With the Second Peace of Thorn (1466), Prussia was divided into eastern and western lands. The western part became the province of Royal Prussia within the Kingdom of Poland, while the eastern part of the monastic state became a fief of Poland.

In 1492, a life of Dorothea of Montau, published in Marienburg (Malbork), became the first printed publication in Prussia.

Early modern era[edit]

Map by Caspar Henneberg, Elbing 1576: Duchy and Royal Prussia originally with same colour (for the duchy the colour was added later)
Prussia after 1466: light grey – Duchy of Prussia.
coloured – Royal Prussia with its Voivodeships in personal union with the Polish-Lithuanian Commonwealth

During the Protestant Reformation, endemic religious upheavals and wars occurred, and in 1525, the last Grand Master of the Teutonic Knights, Albert of Brandenburg, a member of a cadet branch of the House of Hohenzollern, adopted the Lutheran faith, resigned his position, and assumed the title of "Duke of Prussia." In a deal partially brokered by Martin Luther, the Duchy of Prussia became the first Protestant state and a vassal of Poland. The ducal capital of Königsberg, now Kaliningrad, became a centre of learning and printing through the establishment of the Albertina University in 1544.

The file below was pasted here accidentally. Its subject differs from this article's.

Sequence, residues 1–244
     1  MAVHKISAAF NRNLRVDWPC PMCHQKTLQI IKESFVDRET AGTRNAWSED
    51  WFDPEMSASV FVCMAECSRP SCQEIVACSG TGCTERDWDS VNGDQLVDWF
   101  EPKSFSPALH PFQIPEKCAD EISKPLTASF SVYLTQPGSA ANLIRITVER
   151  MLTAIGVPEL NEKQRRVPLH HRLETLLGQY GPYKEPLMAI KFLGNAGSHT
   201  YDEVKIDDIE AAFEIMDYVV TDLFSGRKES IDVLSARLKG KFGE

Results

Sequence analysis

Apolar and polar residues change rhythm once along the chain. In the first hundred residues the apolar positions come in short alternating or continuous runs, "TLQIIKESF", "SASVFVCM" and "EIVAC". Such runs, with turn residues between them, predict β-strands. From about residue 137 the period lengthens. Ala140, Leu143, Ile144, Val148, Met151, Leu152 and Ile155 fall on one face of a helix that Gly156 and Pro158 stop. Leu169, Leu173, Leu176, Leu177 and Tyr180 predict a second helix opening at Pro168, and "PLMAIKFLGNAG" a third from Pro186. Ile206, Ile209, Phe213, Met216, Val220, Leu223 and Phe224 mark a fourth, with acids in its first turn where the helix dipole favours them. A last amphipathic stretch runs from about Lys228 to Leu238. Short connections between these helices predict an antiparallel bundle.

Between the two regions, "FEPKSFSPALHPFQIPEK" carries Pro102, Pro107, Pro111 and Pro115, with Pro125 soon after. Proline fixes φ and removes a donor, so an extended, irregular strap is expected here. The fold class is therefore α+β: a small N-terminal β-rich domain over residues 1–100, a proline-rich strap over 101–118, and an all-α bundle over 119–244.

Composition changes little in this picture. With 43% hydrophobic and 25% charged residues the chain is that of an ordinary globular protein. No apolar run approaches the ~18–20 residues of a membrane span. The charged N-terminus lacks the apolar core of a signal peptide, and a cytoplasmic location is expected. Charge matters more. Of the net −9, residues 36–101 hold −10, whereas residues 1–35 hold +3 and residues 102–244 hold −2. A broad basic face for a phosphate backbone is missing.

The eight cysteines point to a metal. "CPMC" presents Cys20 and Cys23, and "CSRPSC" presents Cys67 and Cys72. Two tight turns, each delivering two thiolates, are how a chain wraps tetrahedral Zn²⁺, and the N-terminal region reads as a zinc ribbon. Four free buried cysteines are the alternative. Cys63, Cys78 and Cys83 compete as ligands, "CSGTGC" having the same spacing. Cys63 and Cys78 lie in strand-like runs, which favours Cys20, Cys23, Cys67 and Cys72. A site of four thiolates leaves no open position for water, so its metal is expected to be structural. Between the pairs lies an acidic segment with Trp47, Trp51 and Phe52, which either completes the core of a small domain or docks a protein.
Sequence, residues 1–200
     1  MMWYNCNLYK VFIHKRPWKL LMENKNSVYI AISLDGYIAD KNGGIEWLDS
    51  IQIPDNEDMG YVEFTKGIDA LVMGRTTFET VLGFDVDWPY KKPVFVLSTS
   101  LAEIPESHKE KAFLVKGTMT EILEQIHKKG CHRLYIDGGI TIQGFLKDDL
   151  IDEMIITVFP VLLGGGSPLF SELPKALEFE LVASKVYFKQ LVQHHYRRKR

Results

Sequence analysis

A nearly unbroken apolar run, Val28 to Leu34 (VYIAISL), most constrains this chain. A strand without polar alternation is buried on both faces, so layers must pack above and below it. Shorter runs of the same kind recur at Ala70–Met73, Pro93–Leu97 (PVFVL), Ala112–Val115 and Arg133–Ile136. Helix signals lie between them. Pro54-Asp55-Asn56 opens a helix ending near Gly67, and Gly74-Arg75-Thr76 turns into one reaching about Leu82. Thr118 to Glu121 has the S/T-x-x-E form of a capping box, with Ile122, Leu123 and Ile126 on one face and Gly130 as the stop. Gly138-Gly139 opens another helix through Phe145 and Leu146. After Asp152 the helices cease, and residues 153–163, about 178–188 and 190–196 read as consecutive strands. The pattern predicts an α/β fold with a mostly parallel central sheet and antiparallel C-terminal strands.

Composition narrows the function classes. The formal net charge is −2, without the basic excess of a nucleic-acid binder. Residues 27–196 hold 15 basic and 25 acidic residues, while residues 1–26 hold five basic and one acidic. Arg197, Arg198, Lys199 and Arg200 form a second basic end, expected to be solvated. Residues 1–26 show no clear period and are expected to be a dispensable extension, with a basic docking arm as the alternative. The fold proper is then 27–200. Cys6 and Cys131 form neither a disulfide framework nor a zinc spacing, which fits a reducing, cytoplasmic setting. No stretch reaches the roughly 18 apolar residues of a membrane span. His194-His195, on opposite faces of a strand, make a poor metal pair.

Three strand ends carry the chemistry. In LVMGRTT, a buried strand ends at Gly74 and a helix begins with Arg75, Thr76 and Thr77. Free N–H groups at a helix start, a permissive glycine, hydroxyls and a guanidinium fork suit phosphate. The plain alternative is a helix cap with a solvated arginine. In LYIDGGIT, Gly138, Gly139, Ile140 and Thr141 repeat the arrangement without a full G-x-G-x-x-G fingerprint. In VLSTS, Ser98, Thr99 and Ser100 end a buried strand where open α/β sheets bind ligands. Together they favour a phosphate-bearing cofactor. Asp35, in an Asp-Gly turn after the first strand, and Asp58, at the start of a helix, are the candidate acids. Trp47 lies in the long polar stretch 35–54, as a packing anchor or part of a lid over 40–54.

Ducal Prussia passed to the senior Hohenzollern branch, the ruling Margraves of Brandenburg, in 1618, and Polish sovereignty over the duchy ended in 1657 with the Treaty of Wehlau. Because Ducal Prussia lay outside of the Holy Roman Empire, Frederick I achieved the elevation of the duchy to the Kingdom of Prussia in 1701. The former ducal lands became known as East Prussia. Royal Prussia was annexed from the Polish-Lithuanian Commonwealth by the Kingdom of Prussia during the 18th-century Partitions of Poland and administered within West Prussia.